I would have bet it all and I would have lost.
Listening to another genre-hopping release from Joe Jackson, this time, a tribute to lost British dancehall artist Max Champion, was not on my to-do list, nevermind loving it. But I went in because I love Joe. And I loved "Jumpin' Jive." And I loved "Night & Day" and "Body & Soul." And I loved his tribute to Duke Ellington. The classical records, not so much.
British dancehall music can be found in the music of many artists that we love from The Kinks to The Beatles to Queen and Sparks, and even the Rolling Stones on "Between The Buttons." Small doses seem okay. But an entire record might be asking too much. Instead, I found myself wanting more of Joe Jackson "Presents Max Champion in What A Racket." I was having so much fun, I actually said out loud to no one, "Awww" when it was over.
The name Max Champion sounded very familiar to me until I realized he wasn't a boxer or a silent film director. When I found out who he was, I realized I knew nothing about him. That may also be due to the fact that Max Champion was created just for this record. Whoever he is, a Joe Jackson persona or a character from the past, he has inspired one hell of an album.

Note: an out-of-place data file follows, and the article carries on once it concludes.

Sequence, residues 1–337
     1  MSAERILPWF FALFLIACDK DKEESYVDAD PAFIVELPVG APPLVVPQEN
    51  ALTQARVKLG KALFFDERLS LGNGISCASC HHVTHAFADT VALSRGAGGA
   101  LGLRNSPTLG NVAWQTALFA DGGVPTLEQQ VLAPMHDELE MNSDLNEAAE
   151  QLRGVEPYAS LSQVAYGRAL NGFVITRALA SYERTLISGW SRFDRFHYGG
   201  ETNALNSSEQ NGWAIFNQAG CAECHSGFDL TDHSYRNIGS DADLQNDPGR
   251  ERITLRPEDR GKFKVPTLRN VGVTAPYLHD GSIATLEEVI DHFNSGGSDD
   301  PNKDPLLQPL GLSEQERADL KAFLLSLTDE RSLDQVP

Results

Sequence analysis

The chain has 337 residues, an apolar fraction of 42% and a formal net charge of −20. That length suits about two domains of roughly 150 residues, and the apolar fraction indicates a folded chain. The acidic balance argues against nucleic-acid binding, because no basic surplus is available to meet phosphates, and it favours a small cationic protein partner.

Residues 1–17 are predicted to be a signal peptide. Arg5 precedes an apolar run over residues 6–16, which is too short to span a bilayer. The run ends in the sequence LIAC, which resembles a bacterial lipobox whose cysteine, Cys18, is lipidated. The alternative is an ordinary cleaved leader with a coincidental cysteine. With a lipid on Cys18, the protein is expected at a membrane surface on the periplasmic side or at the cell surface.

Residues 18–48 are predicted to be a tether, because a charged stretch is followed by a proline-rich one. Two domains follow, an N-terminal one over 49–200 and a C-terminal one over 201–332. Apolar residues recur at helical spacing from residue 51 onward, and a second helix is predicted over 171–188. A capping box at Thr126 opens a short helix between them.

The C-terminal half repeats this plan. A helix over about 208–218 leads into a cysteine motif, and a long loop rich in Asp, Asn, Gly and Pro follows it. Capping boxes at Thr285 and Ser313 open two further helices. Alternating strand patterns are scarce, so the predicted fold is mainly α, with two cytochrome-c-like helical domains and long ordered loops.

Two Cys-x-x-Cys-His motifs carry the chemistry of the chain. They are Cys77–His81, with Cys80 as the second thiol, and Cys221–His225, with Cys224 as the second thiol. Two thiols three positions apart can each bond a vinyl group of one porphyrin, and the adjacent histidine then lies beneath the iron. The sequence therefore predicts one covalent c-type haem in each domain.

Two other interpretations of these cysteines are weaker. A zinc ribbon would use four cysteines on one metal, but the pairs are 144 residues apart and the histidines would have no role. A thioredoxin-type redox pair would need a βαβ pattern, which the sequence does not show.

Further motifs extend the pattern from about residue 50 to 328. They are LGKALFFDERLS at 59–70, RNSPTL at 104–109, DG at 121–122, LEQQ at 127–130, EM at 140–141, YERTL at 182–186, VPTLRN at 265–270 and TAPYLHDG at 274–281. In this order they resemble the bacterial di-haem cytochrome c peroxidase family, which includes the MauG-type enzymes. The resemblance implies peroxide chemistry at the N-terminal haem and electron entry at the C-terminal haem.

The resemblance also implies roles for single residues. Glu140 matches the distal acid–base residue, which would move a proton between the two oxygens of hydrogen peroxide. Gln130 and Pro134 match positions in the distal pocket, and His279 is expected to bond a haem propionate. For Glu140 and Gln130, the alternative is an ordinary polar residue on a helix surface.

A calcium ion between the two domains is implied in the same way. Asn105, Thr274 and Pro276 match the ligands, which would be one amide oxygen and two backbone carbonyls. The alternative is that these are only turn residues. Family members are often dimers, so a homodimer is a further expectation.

I imagine British dancehall music meant a lot to people like Ray Davies and Paul McCartney and even Joe Jackson, which is why this record works so well. It's a labor of love and it is best taken whole, so no samples here. I don't think it would do the record justice and I think you'd be selling yourself short, like watching a random 15 minutes of a movie and deciding it wasn't for you.
Clear your head, especially if you are a fan of Joe Jackson. The record is about 40 minutes and it is complete joy from top to bottom.